Old coins are dug up in gardens, bought in auctions, and passed down the generations.
Following our piece on recent coins of interest to collectors and enthusiasts, BBC News asked our readers to share some of their collections with us.
Collectors young and old, experienced and amateur, got in touch. It seems that some coin collections are worth much more than just their financial value to their owners.
I suppose you could say that I started coin collecting before I could walk, as I was lucky to inherit my late uncle’s collection. There are hundreds of coins, which I have yet to finish cataloguing.
Within the collection there are coins from all over the world, and from different periods in history. Some examples would be kopeks and roubles from Russia from the early 20th Century (before the revolution), various coins from the 1940s, coins from East Africa, and British coins from the Victorian era to our present queen.
One of my particular favourites is a Polish 20 zloty coin from 1978 (incidentally my year of birth), commemorating the first and only Polish cosmonaut Miroslaw Hermaszewski. This is something that I never knew about until I started going through the collection, so I think that coins are a great way of educating and inspiring people to look into the past.
Expanding the collection would be something that I’d like to do, and I’d really love to add medieval coins.
My grandparents were “Eastenders” made good, who had a passion for curious objects, which my grandfather would pick up cheaply on his travels around London as a representative for Mann, Crossman and Paulin brewery. Perhaps this is how they got this coin (a 1696 William III coin), or maybe it’s been in my family since that year! I know they thought enough of it to take it to Australia when they emigrated in the late 1950s.
I was always fascinated by its age and grand portrait of William III, who, if I’m honest, I thought was a woman when I was a kid – it’s the wig! A few years ago my mother gave me the coin knowing how much I loved it. It’s now back in the country of its minting, and is the oldest thing I own and will probably ever own.
Michael says: Santa bought me a “Change Checker” coin folder for Christmas 2018. I’ve been looking for coins ever since.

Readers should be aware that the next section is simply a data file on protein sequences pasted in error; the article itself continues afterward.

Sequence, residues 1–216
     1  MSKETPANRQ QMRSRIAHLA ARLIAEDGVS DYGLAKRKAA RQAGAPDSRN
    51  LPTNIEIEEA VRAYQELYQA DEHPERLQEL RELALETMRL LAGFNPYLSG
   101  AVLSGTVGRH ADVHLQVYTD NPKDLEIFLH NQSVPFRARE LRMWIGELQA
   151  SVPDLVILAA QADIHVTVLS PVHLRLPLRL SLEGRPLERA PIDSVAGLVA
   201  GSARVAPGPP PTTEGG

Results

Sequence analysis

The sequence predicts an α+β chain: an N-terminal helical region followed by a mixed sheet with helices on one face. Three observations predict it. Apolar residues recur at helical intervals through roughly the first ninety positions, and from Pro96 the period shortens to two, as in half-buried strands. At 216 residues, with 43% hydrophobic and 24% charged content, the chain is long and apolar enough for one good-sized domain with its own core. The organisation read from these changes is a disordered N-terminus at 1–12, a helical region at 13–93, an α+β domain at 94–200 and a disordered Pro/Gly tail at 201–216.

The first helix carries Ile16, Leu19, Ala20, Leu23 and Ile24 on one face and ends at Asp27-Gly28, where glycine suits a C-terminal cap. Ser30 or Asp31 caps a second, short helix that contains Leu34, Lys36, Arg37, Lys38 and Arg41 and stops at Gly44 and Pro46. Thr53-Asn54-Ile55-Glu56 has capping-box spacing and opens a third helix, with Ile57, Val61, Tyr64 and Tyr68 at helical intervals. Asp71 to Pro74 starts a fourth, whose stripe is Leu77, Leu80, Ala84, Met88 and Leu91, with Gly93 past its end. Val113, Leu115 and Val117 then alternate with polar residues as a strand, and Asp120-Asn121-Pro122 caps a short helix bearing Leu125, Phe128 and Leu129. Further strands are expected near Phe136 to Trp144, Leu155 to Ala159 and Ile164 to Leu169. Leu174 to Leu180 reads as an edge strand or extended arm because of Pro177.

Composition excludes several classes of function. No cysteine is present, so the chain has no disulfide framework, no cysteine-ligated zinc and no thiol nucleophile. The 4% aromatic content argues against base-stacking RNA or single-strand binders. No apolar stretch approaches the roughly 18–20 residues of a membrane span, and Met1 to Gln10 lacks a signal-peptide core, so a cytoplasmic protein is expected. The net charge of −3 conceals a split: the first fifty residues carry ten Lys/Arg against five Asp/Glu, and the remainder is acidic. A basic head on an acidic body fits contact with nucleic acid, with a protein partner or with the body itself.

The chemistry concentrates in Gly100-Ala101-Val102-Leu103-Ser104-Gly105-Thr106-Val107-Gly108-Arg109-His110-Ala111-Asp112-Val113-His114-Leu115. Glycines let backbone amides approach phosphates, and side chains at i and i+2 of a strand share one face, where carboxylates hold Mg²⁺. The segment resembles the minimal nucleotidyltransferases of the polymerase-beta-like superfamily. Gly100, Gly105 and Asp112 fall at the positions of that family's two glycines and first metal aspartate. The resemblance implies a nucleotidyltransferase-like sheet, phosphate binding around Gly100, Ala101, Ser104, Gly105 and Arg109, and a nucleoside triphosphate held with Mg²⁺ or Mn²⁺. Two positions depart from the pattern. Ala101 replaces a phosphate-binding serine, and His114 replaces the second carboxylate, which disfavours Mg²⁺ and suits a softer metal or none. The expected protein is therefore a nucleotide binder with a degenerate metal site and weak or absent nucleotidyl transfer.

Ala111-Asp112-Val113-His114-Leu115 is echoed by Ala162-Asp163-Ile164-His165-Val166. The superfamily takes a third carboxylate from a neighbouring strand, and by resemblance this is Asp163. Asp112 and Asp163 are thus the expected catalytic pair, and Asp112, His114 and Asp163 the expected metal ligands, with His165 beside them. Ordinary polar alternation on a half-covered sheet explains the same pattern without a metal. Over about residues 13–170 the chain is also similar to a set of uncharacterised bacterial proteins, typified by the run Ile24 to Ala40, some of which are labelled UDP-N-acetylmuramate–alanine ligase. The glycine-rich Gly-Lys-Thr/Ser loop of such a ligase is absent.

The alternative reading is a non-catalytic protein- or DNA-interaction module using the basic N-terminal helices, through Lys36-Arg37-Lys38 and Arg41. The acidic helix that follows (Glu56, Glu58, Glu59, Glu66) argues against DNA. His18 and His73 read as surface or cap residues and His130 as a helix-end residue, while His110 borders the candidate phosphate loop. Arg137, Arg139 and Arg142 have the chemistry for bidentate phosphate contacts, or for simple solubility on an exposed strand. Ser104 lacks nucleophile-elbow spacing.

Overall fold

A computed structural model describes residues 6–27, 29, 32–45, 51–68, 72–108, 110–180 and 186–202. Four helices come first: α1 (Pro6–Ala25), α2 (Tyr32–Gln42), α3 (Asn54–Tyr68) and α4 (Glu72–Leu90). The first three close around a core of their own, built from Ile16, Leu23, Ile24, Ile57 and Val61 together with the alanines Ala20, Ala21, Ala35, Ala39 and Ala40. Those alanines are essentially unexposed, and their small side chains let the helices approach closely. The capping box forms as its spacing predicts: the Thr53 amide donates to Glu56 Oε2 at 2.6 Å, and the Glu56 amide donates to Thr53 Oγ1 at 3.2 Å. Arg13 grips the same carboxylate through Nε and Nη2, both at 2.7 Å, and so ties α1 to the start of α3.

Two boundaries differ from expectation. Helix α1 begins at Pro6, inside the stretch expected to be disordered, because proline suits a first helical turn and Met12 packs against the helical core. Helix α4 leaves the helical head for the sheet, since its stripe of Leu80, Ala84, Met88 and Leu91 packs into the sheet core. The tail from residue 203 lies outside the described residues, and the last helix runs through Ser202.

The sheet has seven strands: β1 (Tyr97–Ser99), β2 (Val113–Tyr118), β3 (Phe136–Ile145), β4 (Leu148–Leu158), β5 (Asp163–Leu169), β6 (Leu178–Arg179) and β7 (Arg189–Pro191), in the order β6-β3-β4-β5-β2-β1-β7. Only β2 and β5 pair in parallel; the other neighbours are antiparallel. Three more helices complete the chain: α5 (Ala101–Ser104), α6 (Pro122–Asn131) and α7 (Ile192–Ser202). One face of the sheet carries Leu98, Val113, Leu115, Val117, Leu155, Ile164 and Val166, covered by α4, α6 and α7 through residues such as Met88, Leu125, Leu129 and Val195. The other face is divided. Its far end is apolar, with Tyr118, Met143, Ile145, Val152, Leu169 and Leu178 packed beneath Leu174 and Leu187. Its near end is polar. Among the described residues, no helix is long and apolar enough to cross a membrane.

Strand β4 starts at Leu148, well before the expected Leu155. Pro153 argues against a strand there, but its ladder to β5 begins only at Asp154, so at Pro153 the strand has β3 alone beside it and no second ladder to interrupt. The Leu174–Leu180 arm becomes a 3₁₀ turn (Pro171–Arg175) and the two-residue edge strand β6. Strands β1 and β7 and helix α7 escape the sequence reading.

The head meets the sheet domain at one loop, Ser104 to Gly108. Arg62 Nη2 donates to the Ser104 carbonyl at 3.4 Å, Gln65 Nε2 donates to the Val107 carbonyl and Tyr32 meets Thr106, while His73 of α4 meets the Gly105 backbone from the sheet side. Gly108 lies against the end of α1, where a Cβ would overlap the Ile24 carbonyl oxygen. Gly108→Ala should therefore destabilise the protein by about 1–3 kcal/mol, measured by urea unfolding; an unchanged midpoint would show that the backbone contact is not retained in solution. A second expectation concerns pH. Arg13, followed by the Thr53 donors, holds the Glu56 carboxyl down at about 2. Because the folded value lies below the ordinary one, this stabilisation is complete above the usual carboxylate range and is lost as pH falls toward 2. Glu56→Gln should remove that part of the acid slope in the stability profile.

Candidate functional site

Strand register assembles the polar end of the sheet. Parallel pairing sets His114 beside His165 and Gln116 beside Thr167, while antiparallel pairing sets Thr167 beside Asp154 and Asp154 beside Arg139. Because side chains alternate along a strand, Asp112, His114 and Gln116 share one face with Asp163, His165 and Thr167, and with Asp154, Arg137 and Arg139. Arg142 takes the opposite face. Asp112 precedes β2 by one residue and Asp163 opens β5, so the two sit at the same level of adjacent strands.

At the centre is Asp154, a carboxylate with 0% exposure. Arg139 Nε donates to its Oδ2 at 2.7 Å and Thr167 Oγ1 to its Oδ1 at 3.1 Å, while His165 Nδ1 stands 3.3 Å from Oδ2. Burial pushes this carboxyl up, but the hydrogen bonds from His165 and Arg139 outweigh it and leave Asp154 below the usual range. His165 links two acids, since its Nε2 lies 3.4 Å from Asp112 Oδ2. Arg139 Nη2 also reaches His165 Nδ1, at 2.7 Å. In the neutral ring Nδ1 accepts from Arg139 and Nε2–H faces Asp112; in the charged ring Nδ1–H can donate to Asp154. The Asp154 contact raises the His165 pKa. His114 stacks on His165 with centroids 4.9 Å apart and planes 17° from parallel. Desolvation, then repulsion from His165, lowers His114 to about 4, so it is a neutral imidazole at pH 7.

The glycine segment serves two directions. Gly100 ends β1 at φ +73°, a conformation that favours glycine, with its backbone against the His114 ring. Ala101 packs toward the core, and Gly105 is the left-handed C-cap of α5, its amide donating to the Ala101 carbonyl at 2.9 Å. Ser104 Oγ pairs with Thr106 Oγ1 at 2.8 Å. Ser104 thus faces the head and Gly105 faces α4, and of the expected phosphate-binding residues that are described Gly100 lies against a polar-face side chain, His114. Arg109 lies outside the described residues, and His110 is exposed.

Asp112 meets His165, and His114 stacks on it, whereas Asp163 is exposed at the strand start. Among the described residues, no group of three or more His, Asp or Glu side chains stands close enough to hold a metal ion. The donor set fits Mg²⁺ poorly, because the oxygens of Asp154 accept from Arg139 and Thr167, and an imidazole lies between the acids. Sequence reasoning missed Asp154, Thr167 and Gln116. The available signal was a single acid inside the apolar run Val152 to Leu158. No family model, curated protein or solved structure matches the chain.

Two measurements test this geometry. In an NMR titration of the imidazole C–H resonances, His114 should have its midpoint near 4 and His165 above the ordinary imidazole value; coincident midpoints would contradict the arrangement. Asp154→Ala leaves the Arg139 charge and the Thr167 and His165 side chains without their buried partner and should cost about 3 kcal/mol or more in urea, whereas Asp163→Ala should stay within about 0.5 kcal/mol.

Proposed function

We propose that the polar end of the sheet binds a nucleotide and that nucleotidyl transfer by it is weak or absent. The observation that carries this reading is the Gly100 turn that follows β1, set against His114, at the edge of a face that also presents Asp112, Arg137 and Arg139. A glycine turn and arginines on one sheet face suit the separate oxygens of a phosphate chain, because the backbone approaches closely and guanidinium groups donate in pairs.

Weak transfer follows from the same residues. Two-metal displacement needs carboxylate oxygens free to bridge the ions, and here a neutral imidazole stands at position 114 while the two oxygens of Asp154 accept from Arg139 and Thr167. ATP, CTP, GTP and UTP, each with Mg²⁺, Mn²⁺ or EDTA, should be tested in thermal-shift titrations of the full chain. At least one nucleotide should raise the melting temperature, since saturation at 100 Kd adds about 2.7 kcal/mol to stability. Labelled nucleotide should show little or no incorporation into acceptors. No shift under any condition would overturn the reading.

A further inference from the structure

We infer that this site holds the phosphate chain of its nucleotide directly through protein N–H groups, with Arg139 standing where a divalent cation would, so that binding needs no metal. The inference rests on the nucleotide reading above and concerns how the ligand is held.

Before Covid, we used to go to the Post Office every Friday on the way home from school, and get a bag of 50ps or £2s to hunt through. I have swapped with people as well.
There’s a shop in our local market where you can buy 1kg of old foreign coins for £10. I’m trying to get at least one coin from every country in the world.
The oldest coin I’ve got is a French Double Tournois from the 1600s, Louis XIII. It’s really worn out so it’s not worth anything, but I like it. My oldest English coin is a George III penny from 1806. My gran’s cousin sent that for me.
My other favourite is a bit rude! It’s a one dollar coin from the Cook Islands. (You’ll have to look it up yourself.)
My grandparents found coins whilst digging in their garden in the late 1960s. They were living in Newington at the time, which is a small village in Kent.
I can remember them giving me the coins in the early 70s. At the time they were excited that they had uncovered the “treasure”, and as such I have kept the coins because it reminds me of them and my childhood days with my grandparents.
I do have a collection of pre-decimal coins from childhood, but over the last five years or so I started to collect 50p coins. There are so many different designs it just fascinates me. When you look at a coin that went into circulation in 1891 you wonder what journey that coin has been on, who has held the coin and what they purchased with it.
I started collecting coins when I worked in Epsom and kept receiving unusual £1 coins in my change from my work’s tuck shop. Unbeknown to me there was a forger in the area and it seems most of the coins were circulating from there! Plus, at the time there was the possibility of us adopting the euro as currency so I wanted to have an assortment of our lovely coins.
I don’t know how many coins I have, approximately 100, nearly all £1, £2 and 50p pieces. Here is a picture of my collection stored in its highly jumbled way.
My two favourites are my mobile phone £1 Isle of Man coin, which started me off collecting, and my 1931 Florin as that’s the year my dad was born.
The only real coins I’d like to add are the Olympic 50p Offside Rule and of course the 2009 Kew Gardens Pagoda 50p – fat chance there!